From the previous blog posts in this series (The Basics and Do I Have to Stay on Thyroid Medication for My Whole Life?), you can see that I’ve said over and over that symptoms of thyroid disease are rarely what needs to be treated. I’ve used the analogy of a fire (underlying problem) and a beeping smoke detector (symptoms) developed by Dr. Mark Hyman, an MD who practices functional medicine. We discovered 5 reasons why only testing TSH (thyroid stimulating hormone) alone isn’t enough.
Now I’d like to talk about when the thyroid itself is the underlying problem to symptoms you might be experiencing. This is called non-autoimmune hypothyroidism and it usually shows up on screening labs as a high TSH result. Causes of non-autoimmune hypothyroidism can be found among lifestyle choices like diet and exercise, or because of environmental factors, or when adrenals are affected by stress.
How lifestyle choices can cause non-autoimmune hypothyroidism:
- A poor diet leading to deficiencies in nutrients essential to the production of thyroid hormone by the thyroid. Tyrosine, iodine, zinc, and selenium are all essential nutrients for the production of T3 (triiodothyronine)and T4 (thyroxine).
- A lack of antioxidants in the diet can lead to rampant inflammation of susceptible tissues including the thyroid. Increased oxidative stress due to a diet high in inflammatory foods or continued exposure to environmental toxins exacerbate the issue.
- Poor gut health leading to an inability to absorb nutrients necessary for healthy thyroid production. Check out How Do You Eat? Let’s Count the Ways and 6 Habits for Good Food Hygiene for more about this.
- Excessive alcohol consumption may affect both the thyroid gland and the liver, which is responsible for converting T4 to T3. Moderate alcohol consumption is usually defined as one drink per day for women; I would recommend limiting alcohol to a few drinks per week for most people.
- Cigarette smoke contains over 4,000 chemicals and can exacerbate hypothyroid symptoms.
- A lack of exercise because it increases the body’s metabolic rate and then our tissues ask for more thyroid hormone creating a cycle beneficial for weight loss and increasing body temperature. The duration and frequency of exercise a person needs should be individualized. Most people do well with increasing movement throughout the day (taking the stairs, walking or biking instead of driving, using an exercise ball instead of a chair or choosing a standing desk) and augmenting this with 45 minutes of sustained exercise 3-4 times each week.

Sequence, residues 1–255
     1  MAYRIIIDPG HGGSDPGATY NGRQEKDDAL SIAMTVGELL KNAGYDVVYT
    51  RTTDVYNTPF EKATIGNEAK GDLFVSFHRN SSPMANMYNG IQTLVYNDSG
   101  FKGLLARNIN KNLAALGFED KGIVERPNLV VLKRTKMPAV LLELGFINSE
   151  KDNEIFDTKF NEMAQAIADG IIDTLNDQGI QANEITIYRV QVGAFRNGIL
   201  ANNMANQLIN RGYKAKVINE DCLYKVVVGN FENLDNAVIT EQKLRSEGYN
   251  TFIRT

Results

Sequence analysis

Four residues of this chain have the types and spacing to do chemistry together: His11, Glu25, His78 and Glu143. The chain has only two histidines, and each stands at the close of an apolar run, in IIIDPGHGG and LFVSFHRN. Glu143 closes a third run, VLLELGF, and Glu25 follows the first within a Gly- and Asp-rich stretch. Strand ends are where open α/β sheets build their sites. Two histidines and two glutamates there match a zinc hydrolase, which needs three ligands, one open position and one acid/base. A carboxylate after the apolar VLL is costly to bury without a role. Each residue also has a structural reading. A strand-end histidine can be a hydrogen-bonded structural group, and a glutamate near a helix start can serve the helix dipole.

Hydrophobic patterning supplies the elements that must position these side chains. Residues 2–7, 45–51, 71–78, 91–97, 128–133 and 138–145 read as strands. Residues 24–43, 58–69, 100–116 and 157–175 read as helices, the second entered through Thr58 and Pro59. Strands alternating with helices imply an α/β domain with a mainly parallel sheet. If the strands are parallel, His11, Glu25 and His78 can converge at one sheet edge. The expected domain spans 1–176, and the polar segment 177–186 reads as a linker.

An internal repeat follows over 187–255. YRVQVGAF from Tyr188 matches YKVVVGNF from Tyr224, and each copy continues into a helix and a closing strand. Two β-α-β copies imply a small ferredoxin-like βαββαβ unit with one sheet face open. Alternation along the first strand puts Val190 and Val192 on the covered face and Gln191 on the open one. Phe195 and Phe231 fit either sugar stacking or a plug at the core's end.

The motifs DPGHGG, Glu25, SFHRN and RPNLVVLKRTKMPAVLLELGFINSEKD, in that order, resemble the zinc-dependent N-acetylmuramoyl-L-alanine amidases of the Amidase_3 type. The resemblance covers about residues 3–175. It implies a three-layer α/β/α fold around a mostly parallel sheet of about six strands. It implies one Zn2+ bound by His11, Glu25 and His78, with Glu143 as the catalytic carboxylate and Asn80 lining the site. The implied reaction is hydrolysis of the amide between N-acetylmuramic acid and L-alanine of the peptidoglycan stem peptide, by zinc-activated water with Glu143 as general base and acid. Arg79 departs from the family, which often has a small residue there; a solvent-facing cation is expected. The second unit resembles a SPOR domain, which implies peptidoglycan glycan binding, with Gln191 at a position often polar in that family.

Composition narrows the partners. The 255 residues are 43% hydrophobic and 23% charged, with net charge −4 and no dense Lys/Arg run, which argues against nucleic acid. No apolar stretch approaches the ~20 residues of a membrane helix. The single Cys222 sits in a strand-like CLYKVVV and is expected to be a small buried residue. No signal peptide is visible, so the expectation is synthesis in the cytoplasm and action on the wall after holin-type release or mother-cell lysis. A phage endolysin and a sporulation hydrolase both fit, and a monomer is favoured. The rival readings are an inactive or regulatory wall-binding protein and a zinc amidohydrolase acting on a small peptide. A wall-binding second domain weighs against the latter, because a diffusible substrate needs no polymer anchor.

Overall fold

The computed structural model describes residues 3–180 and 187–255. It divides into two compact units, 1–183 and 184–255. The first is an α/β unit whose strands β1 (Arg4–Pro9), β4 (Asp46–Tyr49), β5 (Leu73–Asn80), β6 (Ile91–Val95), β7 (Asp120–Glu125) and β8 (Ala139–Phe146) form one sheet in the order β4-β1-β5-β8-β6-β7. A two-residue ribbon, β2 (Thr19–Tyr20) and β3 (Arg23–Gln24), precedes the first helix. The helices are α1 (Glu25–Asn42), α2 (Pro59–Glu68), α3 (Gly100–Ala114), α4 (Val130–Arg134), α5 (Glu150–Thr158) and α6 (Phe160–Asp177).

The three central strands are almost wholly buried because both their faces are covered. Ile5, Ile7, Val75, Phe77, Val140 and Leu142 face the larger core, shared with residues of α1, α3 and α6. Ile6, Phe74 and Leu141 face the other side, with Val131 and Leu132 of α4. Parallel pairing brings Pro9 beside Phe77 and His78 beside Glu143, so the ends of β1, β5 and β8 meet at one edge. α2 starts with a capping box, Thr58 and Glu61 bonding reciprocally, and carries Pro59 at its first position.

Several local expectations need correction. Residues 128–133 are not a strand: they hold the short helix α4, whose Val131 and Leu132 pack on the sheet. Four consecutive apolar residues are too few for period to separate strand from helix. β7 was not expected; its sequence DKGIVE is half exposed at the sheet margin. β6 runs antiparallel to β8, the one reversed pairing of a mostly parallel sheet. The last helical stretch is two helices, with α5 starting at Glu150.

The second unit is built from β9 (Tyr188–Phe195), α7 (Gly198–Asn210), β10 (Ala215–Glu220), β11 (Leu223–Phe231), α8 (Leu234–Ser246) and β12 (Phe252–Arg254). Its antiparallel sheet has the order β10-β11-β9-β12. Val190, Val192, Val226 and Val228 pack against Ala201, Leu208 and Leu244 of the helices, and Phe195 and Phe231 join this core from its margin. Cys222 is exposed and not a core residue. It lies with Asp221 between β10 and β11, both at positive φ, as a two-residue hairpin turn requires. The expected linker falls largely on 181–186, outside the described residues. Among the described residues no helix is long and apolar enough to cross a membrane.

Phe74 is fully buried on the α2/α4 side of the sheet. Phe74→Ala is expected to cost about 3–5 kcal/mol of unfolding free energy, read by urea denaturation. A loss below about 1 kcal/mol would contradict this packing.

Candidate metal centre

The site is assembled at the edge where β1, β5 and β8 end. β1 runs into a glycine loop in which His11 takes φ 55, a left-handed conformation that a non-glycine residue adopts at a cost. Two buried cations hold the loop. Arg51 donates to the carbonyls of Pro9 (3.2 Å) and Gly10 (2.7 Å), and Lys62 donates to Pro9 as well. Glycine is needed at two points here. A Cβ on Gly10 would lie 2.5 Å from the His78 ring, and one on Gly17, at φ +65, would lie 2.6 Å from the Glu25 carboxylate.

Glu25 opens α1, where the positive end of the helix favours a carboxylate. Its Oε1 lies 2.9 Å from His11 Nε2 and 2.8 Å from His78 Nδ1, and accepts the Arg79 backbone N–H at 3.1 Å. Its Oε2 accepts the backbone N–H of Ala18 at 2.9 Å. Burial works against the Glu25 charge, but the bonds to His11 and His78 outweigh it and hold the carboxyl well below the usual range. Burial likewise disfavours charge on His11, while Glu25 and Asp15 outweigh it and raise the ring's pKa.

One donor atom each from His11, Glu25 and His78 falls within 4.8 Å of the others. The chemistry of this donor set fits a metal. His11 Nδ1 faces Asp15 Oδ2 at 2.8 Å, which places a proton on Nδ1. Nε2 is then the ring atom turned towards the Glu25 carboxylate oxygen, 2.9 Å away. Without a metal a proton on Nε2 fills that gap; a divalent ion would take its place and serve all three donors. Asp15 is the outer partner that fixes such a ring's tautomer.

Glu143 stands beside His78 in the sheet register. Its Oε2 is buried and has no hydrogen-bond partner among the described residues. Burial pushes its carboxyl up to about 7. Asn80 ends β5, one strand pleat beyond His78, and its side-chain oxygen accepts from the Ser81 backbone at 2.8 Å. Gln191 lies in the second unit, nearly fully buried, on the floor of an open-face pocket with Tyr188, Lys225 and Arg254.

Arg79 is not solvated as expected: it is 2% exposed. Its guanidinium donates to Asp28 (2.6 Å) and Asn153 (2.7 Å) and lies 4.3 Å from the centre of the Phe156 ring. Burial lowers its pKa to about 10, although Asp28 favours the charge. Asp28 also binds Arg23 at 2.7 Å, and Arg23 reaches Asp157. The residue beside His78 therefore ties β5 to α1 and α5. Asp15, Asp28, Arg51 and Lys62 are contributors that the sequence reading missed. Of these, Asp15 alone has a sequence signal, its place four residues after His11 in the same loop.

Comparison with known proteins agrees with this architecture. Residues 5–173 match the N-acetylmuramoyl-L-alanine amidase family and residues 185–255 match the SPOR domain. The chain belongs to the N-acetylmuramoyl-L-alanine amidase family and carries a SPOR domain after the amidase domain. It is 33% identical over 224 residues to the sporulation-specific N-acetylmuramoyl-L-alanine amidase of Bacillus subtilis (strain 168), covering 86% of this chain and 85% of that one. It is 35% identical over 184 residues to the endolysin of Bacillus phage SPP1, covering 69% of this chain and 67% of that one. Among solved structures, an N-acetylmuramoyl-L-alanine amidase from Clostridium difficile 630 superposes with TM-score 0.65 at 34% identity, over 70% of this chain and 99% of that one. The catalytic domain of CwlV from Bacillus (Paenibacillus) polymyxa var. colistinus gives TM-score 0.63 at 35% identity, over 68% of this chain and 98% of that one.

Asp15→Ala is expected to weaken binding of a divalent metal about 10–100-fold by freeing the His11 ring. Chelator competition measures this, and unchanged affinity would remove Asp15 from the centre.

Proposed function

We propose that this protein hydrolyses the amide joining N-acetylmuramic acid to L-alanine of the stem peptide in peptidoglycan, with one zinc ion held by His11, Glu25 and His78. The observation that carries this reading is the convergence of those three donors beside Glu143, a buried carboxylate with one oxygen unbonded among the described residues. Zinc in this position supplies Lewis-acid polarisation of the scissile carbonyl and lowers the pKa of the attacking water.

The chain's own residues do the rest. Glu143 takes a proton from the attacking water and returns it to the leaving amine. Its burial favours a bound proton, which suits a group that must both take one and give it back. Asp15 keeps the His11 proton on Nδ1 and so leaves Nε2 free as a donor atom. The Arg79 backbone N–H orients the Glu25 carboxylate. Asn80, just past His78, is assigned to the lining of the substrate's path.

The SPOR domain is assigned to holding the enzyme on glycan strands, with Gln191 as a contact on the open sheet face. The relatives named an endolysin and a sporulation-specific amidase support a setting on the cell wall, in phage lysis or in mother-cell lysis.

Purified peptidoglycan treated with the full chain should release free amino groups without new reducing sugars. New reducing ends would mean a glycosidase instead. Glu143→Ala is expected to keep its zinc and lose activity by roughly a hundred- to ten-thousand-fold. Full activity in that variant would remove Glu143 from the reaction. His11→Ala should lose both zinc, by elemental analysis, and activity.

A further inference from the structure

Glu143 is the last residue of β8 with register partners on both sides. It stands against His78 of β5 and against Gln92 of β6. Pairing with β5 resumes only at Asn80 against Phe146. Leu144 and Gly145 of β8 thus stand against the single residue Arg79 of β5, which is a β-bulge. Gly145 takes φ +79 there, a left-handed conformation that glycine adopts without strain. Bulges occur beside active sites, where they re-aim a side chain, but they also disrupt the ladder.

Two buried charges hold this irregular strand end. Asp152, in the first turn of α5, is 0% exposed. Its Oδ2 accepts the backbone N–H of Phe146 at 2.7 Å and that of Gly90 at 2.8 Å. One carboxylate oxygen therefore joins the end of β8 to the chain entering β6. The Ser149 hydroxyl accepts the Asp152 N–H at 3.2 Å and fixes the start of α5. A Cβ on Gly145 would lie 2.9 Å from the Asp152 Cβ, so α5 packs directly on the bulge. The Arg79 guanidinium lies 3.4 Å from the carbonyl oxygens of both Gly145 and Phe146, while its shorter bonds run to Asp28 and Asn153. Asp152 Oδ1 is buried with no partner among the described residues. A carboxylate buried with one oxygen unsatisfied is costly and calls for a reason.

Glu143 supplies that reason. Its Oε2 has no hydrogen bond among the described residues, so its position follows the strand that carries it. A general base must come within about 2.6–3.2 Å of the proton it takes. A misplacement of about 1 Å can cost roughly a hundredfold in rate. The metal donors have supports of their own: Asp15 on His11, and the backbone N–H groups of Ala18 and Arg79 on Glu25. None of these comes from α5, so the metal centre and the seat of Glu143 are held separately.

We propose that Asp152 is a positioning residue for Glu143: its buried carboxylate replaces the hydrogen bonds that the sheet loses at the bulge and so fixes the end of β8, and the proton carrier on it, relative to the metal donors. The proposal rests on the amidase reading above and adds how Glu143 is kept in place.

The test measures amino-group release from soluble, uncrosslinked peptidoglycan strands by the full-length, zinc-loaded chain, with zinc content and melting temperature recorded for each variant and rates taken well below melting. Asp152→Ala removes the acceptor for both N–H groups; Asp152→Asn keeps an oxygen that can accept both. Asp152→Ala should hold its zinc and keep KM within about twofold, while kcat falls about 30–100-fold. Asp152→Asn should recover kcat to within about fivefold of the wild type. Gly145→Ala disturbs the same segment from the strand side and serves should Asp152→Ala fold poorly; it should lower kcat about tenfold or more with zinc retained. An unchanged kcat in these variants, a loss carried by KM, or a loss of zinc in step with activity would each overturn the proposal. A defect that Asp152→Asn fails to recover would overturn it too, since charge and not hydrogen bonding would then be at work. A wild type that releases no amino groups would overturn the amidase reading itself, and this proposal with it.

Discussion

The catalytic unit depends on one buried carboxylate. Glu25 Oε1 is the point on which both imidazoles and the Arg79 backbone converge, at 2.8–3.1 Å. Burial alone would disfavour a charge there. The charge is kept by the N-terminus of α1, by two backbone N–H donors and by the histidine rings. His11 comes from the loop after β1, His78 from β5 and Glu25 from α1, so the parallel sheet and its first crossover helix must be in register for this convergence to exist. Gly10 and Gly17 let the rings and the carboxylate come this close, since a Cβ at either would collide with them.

How exposure to environmental factors can cause non-autoimmune hypothyroidism:
- Exposure to Halogens. Remember the periodic table of elements? The Halogens fluorine, chlorine, and bromine are in the same row as iodine. Since iodine is a key component of T3 and T4, this means that fluorine, chlorine, and bromine have a similar structure and can compete with iodine in the body. Most of us are exposed to Halogens when we shower in, bathe in, and drink water containing fluoride and chlorine. We’re again exposed to chloride and bromide when we eat anything made with bleached and bromated flour (a dough softener that ironically replaced iodine which was used in the past). When iodine is replaced by these other halogens in our bodies, it very much affects our thyroid hormones (1).
- Exposure to PCBs. Polychlorinated biphenyls (PCBs) are sometimes confused with BPA, which is Bisphenol A found in many plastics. PCBs can actually alter the structure of the thyroid gland (2) so that it is less responsive to TSH and other signals. It also makes it more difficult for carrier proteins in the blood to transport T4 around to different tissues. People are exposed to PCBs most often with food, indoor air, and industrial accidents. Although the manufacture of PCBs was banned in the US in 1979, there’s a chance these man-made chemicals are still present in some older products and materials. Contaminated food includes fish from PCB-contaminated water and animals (their products of meat, fat, and milk) grazing on contaminated surface soils or drinking PCB-contaminated runoff water in rivers and lakes. When ballasts or transformers fail in older fluorescent lights, PCBs can leak out causing surfaces and air to be contaminated. Electrical system fires and hazardous waste accidents can expose cleanup crews to PCBs.
How stress and adrenal dysfunction can cause non-autoimmune hypothyroidism:
- Adrenal dysfunction. This really goes hand in hand with stress and poor diet along with lack of rest and relaxation. The adrenals and the thyroid work as partners to help us feel energy and to maintain homeostasis in the body. Over-worked adrenals eventually begin to under-function, leaving their partner (the thyroid) to pick up the slack. If nothing changes in the balance between demands on our body and rest, the thyroid will be over-worked and suffer burnout.
By and large the majority of people with hypothyroidism actually have an autoimmune form of it called Hashimoto’s. When that’s the case, then there are a variety of other factors to look at when addressing the problem. Remember, whenever there are symptoms of thyroid imbalance, it’s rarely the real problem. Instead, they are mostly likely symptoms of an underlying problem. We we think of it like fire and smoke, it’s best to put out the fire, not just take the batteries out of the smoke detector.